In reply to this post by Stuart Hastings
Stuart Hastings a écrit :
> > { > {0x00000000}, {0x33800000}, {0x34000000}, {0x34400000}, > {0x34800000}, {0x34a00000}, {0x34c00000}, {0x34e00000}, > {0x35000000}, {0x35100000}, {0x35200000}, {0x35300000}, > {0x35400000}, {0x35500000}, {0x35600000}, {0x35700000}, > ... > {0xfffd8000}, {0xfffda000}, {0xfffdc000}, {0xfffde000}, > {0xfffe0000}, {0xfffe2000}, {0xfffe4000}, {0xfffe6000}, > {0xfffe8000}, {0xfffea000}, {0xfffec000}, {0xfffee000}, > {0xffff0000}, {0xffff2000}, {0xffff4000}, {0xffff6000}, > {0xffff8000}, {0xffffa000}, {0xffffc000}, {0xffffe000}, > }; > > The module has over 16K lines, so that's about 64K entries (1<<16). > There is no executable code in this testcase. > > The cause seems to be the APInt::getHashValue() function (near line > 626 of .../lib/Support/APInt.cpp). Some investigation using the > debugger suggests that every value was hashing into about three > buckets, and the DenseMap code was looping excessively over the > extremely long chains in those three buckets. > From what I can see the old hash function can be good, if the number of bucket is not a power of two. The problem is that dense map use 64 buckets initially and grow but doubling this number. So what happen here (I think, I only did a fast reading of the code) is the hash for a value i is about h=(i+32), and the bucket selection is done by h%64 or h%(1<<n) so only the low bits are taken into acount. on your exemple since all the low bits are zero, you have a lot of collision. Instead of changing the hash, changing the number of bucket would be a better/simpler solution. From what I know of hashmap, having a number of bucket equal to a power of two is uterly stupid, ie: it mean that you only use the lower part of the hash. So why compute a hash on 32bits then... The only reason to do this is for faster modulo, but here it is not the case has the bucket number is a variable. Usually, prime number are used as bucket number (AFAIK). But in your case, simply using an odd number would be a lot better. _______________________________________________ LLVM Developers mailing list [hidden email] http://llvm.cs.uiuc.edu http://lists.cs.uiuc.edu/mailman/listinfo/llvmdev |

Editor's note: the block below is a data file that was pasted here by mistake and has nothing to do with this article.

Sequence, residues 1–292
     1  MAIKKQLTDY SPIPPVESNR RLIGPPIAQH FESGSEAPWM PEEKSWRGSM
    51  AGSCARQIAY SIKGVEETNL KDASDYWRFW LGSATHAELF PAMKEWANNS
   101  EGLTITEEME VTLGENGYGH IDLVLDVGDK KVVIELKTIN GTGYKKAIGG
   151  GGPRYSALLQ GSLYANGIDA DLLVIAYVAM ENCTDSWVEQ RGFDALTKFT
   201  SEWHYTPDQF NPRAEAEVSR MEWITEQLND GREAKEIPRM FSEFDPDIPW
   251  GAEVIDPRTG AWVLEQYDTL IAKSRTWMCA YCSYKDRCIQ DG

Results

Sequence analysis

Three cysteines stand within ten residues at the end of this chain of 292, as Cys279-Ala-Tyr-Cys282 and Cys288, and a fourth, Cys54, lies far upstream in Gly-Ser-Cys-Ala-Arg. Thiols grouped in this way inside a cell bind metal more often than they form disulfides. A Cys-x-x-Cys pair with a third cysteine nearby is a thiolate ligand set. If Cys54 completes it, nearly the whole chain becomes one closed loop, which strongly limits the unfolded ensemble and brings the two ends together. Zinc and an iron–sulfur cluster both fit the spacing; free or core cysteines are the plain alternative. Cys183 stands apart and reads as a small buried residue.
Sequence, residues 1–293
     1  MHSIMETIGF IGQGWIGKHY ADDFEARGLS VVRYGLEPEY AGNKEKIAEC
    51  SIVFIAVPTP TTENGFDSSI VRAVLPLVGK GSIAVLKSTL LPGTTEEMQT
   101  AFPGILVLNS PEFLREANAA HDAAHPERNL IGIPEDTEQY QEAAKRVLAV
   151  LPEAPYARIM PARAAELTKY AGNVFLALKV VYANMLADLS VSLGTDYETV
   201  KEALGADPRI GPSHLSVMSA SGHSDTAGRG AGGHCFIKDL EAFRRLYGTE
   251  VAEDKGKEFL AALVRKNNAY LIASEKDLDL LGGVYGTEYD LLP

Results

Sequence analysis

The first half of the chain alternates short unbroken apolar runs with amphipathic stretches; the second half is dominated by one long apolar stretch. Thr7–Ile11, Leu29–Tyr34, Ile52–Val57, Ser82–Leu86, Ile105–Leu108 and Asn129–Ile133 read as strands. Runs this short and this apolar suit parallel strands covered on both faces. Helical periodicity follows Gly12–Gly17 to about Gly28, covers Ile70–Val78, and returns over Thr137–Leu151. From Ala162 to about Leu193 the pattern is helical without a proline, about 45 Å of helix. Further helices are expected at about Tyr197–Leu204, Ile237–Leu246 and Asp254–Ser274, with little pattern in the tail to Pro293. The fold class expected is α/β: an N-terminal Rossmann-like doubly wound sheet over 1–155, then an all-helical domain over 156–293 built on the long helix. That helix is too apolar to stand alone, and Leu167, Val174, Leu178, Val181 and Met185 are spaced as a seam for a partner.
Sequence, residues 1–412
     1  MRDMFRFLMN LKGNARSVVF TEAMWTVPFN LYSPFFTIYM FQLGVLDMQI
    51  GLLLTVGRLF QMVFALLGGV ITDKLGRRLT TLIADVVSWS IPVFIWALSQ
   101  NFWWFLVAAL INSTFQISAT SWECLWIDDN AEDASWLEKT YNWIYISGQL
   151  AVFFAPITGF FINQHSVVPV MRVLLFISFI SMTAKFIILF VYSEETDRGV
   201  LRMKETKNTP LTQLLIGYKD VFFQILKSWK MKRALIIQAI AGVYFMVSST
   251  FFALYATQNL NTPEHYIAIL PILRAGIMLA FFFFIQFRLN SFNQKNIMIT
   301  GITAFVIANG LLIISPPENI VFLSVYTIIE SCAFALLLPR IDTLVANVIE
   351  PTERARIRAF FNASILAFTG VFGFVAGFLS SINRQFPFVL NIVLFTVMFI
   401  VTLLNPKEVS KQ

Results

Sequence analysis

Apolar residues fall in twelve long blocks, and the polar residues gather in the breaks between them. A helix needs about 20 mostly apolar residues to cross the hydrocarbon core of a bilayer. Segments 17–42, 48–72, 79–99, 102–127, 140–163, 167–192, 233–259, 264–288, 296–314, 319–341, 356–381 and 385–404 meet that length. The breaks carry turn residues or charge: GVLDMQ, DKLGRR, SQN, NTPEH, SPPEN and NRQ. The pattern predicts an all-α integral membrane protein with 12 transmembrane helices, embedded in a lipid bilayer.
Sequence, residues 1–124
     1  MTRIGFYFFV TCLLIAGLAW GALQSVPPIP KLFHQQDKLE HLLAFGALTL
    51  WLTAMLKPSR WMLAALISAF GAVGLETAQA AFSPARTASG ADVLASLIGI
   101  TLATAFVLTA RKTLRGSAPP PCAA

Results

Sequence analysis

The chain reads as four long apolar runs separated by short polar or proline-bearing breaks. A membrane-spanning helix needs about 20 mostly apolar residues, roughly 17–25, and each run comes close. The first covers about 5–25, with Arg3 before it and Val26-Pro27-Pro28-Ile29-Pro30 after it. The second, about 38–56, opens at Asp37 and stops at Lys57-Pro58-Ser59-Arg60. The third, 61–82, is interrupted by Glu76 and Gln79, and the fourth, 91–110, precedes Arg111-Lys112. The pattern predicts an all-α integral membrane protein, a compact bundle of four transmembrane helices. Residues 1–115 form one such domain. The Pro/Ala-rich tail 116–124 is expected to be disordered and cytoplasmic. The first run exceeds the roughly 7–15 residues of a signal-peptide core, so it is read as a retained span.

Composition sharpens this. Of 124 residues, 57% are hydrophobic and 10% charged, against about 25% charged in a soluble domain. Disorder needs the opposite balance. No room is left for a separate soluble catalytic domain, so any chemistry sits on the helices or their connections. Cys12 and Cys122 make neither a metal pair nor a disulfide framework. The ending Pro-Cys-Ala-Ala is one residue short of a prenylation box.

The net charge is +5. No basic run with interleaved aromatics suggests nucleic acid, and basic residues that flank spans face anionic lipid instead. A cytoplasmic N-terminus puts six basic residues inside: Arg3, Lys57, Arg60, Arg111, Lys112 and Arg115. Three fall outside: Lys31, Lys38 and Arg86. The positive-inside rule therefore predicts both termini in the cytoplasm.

On Thu, Mar 12, 2009 at 3:14 AM, Cédric Venet <[hidden email]> wrote:
> Stuart Hastings a écrit : >> >> { >> {0x00000000}, {0x33800000}, {0x34000000}, {0x34400000}, >> {0x34800000}, {0x34a00000}, {0x34c00000}, {0x34e00000}, >> {0x35000000}, {0x35100000}, {0x35200000}, {0x35300000}, >> {0x35400000}, {0x35500000}, {0x35600000}, {0x35700000}, >> ... >> {0xfffd8000}, {0xfffda000}, {0xfffdc000}, {0xfffde000}, >> {0xfffe0000}, {0xfffe2000}, {0xfffe4000}, {0xfffe6000}, >> {0xfffe8000}, {0xfffea000}, {0xfffec000}, {0xfffee000}, >> {0xffff0000}, {0xffff2000}, {0xffff4000}, {0xffff6000}, >> {0xffff8000}, {0xffffa000}, {0xffffc000}, {0xffffe000}, >> }; >> >> The module has over 16K lines, so that's about 64K entries (1<<16). >> There is no executable code in this testcase. >> >> The cause seems to be the APInt::getHashValue() function (near line >> 626 of .../lib/Support/APInt.cpp). Some investigation using the >> debugger suggests that every value was hashing into about three >> buckets, and the DenseMap code was looping excessively over the >> extremely long chains in those three buckets. >> > > From what I can see the old hash function can be good, if the number of > bucket is not a power of two. The problem is that dense map use 64 > buckets initially and grow but doubling this number. So what happen here > (I think, I only did a fast reading of the code) is the hash for a value > i is about h=(i+32), and the bucket selection is done by h%64 or > h%(1<<n) so only the low bits are taken into acount. The bucket selection is actually done by BucketT *ThisBucket = BucketsPtr + (BucketNo & (NumBuckets-1)); in DenseMap::LookupBucketFor (http://llvm.org/doxygen/DenseMap_8h-source.html#l00358) There are really two kinds of hash tables: prime-sized ones and power-of-two-sized ones. Alternately, we might call them "simple-hash+MOD" and "good-hash+AND". The gcc hash_map implementations go with simple-hash+MOD. They compile in a list of primes to use for the hashtable size, which makes them tolerant of users who define very simple hash functions like (size_t)my_ptr. DenseMap appears to have gone the other way, which lets it use AND but requires better hash functions. Why bother with the better hash functions? http://www.burtleburtle.net/bob/c/lookup3.c claims that "mod is sooo slow!" I haven't verified that myself, but since lookup3.c was written in 2006 it may still be true. If so, that would indicate that good-hash+AND maps are likely to be faster, but to be sure we'd need a benchmark. I would recommend that anyone interested in this read http://www.burtleburtle.net/bob/hash/index.html. Jeffrey _______________________________________________ LLVM Developers mailing list [hidden email] http://llvm.cs.uiuc.edu http://lists.cs.uiuc.edu/mailman/listinfo/llvmdev |